v. 2:  The young plant and the root in the dry ground are metaphors for the Messiah.  The young plant may symbolize the vulnerability and innocence of the Messiah.  It may also refer to the fact that the Messiah was a young man when he was sacrificed.[4] The root in dry ground could symbolize either the fact that the Messiah would appear in a place (Nazareth[5]) and time which nobody expected, just as people would not look for a plant to sprout in dry ground.  But it may also refer to the fact that a plant whose roots are in dry ground is not likely to look very impressive.  Because of the second part of this verse (which refers to the Messiah’s unimpressive form) I suspect that this last interpretation is the main one.  The young plant metaphor could be interpreted similarly since a young, fledgling plant is not as impressive to behold as its full grown counterpart.

If Christ’s physical appearance was unimpressive by nature (even before it was marred during his execution) as this scripture seems to imply, then that would compliment God’s decision to manifest himself on earth as a humble servant.  He would have come as a poor carpenter with an unremarkable body rather than as a handsome, powerful king.[6] I do believe, however, that the unfathomable beauty of Christ’s spirit would so have affected those who loved him that they would hardly have been able to see him as plain or unattractive in spite of his natural appearance.

v. 4:  The truly staggering quality of this chapter is how closely its description of the Suffering Servant matches Christ’s life.  Who else could this be but Christ?  Apparently some Jews since Christ have tried to interpret the Suffering Servant as a personification of the Israelites, or of the faithful among the Israelites.  However, who is the “our” of “our infirmities”?  The most reasonable answer seems to be that it is Isaiah and his readers, and surely Isaiah should be considered among the faithful of Israel, yet here he speaks of the Suffering Servant as being distinct from him.  This convinces me that the Suffering Servant is not a personification of Israel, or even of the faithful of Israel.  See also vs. 5 and 7.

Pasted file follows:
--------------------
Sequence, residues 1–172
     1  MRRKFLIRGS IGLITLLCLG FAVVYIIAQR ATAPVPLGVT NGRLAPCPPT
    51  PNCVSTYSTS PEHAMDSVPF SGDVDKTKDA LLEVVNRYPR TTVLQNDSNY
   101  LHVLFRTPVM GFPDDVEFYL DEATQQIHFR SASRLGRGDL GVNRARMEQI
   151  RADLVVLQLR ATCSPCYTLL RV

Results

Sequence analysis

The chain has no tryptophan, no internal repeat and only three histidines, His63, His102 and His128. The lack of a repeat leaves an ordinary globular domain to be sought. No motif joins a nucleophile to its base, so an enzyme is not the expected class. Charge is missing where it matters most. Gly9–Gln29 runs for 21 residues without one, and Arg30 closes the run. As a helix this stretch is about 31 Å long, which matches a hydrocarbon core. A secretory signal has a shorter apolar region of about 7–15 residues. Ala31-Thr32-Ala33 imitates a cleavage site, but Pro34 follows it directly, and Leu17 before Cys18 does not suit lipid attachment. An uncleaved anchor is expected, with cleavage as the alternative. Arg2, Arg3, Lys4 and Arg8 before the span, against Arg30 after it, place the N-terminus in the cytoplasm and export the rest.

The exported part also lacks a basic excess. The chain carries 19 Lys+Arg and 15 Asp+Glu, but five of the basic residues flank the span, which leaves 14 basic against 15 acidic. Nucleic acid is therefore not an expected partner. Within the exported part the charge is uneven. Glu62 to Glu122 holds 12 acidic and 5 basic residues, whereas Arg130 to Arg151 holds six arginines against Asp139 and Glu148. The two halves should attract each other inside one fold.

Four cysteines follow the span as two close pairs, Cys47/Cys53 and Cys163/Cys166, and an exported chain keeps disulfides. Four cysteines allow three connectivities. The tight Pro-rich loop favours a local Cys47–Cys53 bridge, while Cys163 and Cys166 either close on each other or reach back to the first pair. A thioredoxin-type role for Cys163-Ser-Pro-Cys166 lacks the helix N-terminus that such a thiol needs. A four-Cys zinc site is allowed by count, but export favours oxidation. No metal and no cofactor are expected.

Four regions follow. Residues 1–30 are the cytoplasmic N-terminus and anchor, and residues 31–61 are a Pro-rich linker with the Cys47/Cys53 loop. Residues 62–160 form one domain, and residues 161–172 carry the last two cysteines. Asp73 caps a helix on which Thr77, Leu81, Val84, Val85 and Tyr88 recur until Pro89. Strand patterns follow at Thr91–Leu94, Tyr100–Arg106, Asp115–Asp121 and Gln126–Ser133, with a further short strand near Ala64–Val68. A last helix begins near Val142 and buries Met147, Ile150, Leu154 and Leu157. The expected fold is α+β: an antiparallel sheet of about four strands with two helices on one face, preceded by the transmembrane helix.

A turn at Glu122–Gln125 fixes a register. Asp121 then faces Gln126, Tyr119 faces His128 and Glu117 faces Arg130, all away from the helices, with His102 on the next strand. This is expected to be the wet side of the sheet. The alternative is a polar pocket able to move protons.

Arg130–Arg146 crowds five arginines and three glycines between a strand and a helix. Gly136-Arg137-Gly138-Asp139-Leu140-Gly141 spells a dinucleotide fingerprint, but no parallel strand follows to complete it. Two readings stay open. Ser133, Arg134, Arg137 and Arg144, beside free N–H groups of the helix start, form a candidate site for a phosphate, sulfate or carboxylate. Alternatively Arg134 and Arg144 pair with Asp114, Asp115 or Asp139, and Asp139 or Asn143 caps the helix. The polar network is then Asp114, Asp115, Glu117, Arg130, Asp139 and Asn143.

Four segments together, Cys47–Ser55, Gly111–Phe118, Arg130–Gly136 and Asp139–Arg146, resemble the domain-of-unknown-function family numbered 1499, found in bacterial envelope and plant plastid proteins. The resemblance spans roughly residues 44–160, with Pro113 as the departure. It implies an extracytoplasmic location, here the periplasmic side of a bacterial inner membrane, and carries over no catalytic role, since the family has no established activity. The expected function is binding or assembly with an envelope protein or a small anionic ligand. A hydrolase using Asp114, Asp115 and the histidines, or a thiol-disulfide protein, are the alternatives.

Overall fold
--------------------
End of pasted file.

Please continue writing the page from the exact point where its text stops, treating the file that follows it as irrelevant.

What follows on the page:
v. 5:  Notice that this Servant suffers in the place of the guilty (like a scapegoat) not along side them.  Usually, however, the faithful as well as the unfaithful have suffered together throughout history.  Consider, as an example, the suffering of both faithful and unfaithful Jews during the Babylonian Captivity. The suffering of this servant is unique in this regard and goes even further to convince me not to read the Suffering Servant as a personification of the faithful people of Israel.  This servant is someone distinct from the people of Israel.  He suffers (even though he is innocent) so that they will not have to suffer.  Thus we see the terrible, beautiful irony of his purpose: “By his bruises we are healed.”

v.7:  Both the faithful and the unfaithful naturally lament when they suffer, whereas this Suffering Servant “did not open his mouth.”  This is yet another reason to read the Suffering Servant as Christ, who was very noticeably silent before his accusers; see Matthew 26:62-63.